Sunny up here again, snow is melting on the hillsides, freezer defrosting in our front driveway and its exactly 54 degrees at the moment. Thermometer is right outside from where I am perched.
I put in 9-hours yesterday working on Book # 2 of the Arizona Ranger series. Have put in 160 pages so far, but this is still the initial stuff and my editing will not even begin until I am finished with the last chapter. Then I start at the beginning, in order to keep the flow going as I review it.
I have really enjoyed doing the research on the Arizona Rangers, who received far less notoriety than the Texas Rangers, and fought equally the number of Indian scrapes if not more. While the Texas Rangers dealt with the same bandits and Comancheros as the Arizona boys, and of course the great Comanche. The Arizona Rangers dealt with the Apache leaders; Victorio, Mangas, and the Great Cochise. Soon to follow was the better known Geronimo, but he was a pup compared to these three before him. Cochise, who was a fighter, rated as a General by the Rangers who dealt with him, sincerely wanted a fair peace. But he continued to butt heads with the wealthy men of the east coast who believed all Indians were one in the same and should be wiped out. Cochise had befriended trappers, hunters, townspeople and ranchers. He became on good terms with certain Rangers, but it was the East Coast military officers who knew nothing about fighting the Plains Indian, that created a lot of the problems. Such a man was Armstrong Custer, who gave the Sioux no respect and thought his 233 cavalry troopers could put 4,000 or more of some of the best horsemen in America to flight. Similar things happened in Arizona as senior officers, untrained in Indian fighting or peace time dealings with them, took over command of the new forts being built. A personal best in low standards was how often our senior commanders or even junior officers used white flags to bring Indian chiefs in to then capture them, all under a flag of truce. Congress later said it was okay for them to do that. As such repeatedly occurred, it made the life of a settler that much harder to live... another month or with hope a year. Train people controlled the military headliners and congressional leaders, who wanted the Indians destroyed, but hundreds of White settlers, Mexican farmers and freed slaves passing through Arizona en route to California never survived the wars to come. Even the legendary Kit Carson turned his back on his Indian friends and fought a "Scorched Earth" war, where he burned the farm lands and peach orchards, forcing the Navajo into a 400 mile death march rarely spoken of in history books. ( Had to do some research for that one). A large part of the elderly Navajo and the very young never made it to their new home, outside an Army Fort. No, not quite the Kit Carson I'd grown up reading about.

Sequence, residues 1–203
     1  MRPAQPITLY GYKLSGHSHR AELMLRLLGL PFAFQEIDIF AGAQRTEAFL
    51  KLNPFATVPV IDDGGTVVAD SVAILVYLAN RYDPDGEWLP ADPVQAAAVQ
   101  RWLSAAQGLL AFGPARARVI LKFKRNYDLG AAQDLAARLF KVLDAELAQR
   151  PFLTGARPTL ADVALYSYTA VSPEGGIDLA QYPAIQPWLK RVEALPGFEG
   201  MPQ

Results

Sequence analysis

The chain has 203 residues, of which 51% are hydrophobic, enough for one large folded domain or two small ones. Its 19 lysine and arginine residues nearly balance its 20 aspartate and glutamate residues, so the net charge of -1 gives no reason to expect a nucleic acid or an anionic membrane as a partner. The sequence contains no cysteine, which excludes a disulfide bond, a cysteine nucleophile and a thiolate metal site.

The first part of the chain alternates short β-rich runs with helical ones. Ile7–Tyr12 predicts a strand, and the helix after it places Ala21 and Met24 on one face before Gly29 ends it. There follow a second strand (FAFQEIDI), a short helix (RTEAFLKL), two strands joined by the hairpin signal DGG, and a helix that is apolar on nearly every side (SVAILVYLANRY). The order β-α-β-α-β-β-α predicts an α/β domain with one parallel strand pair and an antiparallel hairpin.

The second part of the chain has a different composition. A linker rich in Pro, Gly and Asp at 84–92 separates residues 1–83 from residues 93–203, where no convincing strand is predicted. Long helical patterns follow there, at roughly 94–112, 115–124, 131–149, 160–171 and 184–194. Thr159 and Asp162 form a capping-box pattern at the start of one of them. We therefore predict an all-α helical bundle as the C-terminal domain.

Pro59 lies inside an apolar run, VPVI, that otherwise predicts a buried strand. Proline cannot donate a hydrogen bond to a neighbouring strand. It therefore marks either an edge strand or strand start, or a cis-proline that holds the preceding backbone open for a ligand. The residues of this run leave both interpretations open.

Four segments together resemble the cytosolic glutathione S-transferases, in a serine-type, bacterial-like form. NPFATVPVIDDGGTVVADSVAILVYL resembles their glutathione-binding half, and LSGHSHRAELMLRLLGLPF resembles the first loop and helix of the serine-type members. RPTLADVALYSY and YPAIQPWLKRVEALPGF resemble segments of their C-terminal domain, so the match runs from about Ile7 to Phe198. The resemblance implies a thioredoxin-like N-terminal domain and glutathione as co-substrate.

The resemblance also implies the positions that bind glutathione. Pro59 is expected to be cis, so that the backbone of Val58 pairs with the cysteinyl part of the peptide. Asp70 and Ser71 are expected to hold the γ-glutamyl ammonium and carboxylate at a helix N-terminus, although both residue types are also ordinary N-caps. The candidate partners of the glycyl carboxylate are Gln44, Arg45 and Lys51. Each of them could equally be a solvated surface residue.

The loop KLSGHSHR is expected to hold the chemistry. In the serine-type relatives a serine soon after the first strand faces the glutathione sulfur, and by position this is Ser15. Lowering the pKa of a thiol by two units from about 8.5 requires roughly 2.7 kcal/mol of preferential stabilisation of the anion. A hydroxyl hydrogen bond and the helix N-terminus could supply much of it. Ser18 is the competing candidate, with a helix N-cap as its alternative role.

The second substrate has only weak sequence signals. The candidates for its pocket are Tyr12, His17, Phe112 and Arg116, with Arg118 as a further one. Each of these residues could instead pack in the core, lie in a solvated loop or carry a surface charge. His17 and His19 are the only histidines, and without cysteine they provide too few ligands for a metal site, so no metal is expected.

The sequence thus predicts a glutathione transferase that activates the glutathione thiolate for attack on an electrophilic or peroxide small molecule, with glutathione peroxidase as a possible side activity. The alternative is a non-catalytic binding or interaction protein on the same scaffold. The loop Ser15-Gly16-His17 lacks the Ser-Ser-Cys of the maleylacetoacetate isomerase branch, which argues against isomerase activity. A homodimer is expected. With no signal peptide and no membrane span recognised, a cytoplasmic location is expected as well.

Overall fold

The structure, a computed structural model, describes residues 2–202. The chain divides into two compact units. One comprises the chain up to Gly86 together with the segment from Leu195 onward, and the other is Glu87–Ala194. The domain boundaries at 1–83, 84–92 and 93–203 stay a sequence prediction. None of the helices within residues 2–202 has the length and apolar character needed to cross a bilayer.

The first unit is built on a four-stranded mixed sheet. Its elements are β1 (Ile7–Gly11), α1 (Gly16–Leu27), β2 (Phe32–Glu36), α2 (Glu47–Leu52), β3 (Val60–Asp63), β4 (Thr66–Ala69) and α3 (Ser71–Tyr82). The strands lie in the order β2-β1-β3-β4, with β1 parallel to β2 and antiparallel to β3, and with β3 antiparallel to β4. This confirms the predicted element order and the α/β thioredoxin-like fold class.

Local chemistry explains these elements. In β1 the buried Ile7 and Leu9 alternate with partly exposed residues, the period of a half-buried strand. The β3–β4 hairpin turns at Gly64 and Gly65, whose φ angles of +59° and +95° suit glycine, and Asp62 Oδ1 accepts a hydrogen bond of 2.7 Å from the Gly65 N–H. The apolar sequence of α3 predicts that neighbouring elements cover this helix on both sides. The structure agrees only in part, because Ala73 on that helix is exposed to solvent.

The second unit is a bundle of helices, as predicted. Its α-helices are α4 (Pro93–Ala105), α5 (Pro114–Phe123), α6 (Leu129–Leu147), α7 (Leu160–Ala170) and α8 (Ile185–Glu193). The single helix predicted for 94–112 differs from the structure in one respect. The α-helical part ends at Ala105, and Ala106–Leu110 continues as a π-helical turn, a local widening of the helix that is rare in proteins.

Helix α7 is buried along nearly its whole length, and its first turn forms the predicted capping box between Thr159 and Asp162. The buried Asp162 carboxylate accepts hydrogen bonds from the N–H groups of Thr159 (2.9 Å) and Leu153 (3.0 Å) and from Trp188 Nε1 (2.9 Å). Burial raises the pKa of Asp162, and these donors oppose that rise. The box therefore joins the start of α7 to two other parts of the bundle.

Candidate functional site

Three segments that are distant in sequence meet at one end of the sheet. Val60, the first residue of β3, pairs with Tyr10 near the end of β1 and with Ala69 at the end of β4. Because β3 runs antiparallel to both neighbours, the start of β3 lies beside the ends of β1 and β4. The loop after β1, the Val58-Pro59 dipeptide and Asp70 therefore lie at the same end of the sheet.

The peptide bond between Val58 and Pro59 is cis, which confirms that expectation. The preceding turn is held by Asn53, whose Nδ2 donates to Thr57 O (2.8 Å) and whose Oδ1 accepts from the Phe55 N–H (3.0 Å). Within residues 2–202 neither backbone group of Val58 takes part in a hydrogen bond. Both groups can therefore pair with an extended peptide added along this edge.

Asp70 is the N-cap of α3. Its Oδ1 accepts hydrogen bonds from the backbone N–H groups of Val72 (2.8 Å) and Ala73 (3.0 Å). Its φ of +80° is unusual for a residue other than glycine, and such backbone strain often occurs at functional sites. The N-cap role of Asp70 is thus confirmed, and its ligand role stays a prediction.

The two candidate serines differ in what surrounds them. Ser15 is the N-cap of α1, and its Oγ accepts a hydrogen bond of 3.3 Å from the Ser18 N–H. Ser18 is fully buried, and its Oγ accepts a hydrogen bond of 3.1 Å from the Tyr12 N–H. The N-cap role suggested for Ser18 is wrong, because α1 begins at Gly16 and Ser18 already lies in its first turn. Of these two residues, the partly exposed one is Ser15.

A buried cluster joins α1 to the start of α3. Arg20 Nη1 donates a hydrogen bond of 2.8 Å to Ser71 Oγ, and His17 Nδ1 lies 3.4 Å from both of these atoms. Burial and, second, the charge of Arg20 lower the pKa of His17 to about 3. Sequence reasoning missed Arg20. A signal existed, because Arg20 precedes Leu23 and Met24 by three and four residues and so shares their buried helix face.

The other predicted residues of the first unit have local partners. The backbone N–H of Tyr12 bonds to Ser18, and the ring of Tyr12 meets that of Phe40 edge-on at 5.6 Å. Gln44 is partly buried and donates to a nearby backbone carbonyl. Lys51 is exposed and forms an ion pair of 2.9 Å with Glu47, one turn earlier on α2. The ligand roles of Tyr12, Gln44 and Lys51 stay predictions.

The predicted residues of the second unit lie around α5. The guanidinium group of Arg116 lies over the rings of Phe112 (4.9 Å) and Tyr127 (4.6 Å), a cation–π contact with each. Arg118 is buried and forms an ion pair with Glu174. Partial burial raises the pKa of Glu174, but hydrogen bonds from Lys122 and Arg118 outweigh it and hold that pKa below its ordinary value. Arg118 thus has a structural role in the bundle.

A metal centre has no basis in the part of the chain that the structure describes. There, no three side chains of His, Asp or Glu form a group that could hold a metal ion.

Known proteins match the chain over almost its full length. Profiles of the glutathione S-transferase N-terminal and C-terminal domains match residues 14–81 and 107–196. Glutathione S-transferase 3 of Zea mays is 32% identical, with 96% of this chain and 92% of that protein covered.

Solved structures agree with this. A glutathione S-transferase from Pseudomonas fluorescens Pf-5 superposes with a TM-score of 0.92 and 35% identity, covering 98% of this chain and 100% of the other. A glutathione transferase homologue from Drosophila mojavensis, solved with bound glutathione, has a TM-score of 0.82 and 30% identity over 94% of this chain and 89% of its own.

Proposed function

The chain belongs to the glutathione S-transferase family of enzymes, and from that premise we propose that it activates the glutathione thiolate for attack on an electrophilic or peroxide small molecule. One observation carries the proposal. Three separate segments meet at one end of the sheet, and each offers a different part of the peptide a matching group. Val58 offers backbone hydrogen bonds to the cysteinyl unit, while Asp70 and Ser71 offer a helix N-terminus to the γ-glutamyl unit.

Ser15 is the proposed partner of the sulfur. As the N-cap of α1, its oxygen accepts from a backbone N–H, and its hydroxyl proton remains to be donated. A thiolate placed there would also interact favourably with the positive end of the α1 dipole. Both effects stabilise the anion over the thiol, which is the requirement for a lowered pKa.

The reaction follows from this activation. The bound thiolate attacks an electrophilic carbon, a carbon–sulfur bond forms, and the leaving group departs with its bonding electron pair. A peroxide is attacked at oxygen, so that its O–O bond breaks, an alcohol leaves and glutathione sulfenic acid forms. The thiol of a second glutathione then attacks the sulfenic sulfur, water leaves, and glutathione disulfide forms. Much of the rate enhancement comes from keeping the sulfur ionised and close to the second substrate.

But in my series, I have said I rub fiction and fact together. I have changed some of the historical names and replaced them with fictional, unless I felt they should be held to account for their wrongs. One such fellow was a Lt. Bascom, who I am working on tonight. He came to the west unprepared for what his job entailed and he had not been involved in a single combative role before assuming the task of leading a company of cavalry out into the Arizona desert. Going on a single report that Cochise had stolen a herd of steers and kidnapped the ranchers 10-year old son, he did't bother asking the Rangers for assistance or even getting an interpreter, because Cochise only spoke Spanish and Apache, he went out in pursuit of the great Chief. Cochise had not been involved so he was not running anywhere and when the Company was seen with the white flag waving he went down to meet him with his brother, a woman, still unknown and Cochise's two nephews and one niece. Bascom accused Cochise of the crime and took him prisoner under the Flag of Truce. but that night Cochise escaped. He also took three White men hostage and he sent word to Bascom, " I will treat these three men as well as you treat my family." It was written in English. The Lieutenant got his dander up and hung the lot of them, including the children. Soon after, Cochise brought in the small tribe who had stolen the cattle and kidnapped the boy. The youth was fine. The other tribe was not part of Cochise's Apache.
But Cochise was a man of his word and he sent the three men back to Lt. Bascom very dead. This would begin the first of the new Apache Indian Wars of the early 1870's and they would continue on until Geronimo eventually surrendered. By then, Geronimo led his party of 30 warriors against thousands of US Army and over 3,000 Mexicans. Over one fourth of the United States Army was involved in the Arizona Indian Wars. But there were also 60 unofficial militia involved...now unpaid Arizona Rangers. Who road Southeast Arizona to protect the land from the evildoers coming across the border, while the troopers were used to protect the railroad from a non-existent enemy.
That's it for tonight, my ride is here.
Love to all. God Bless!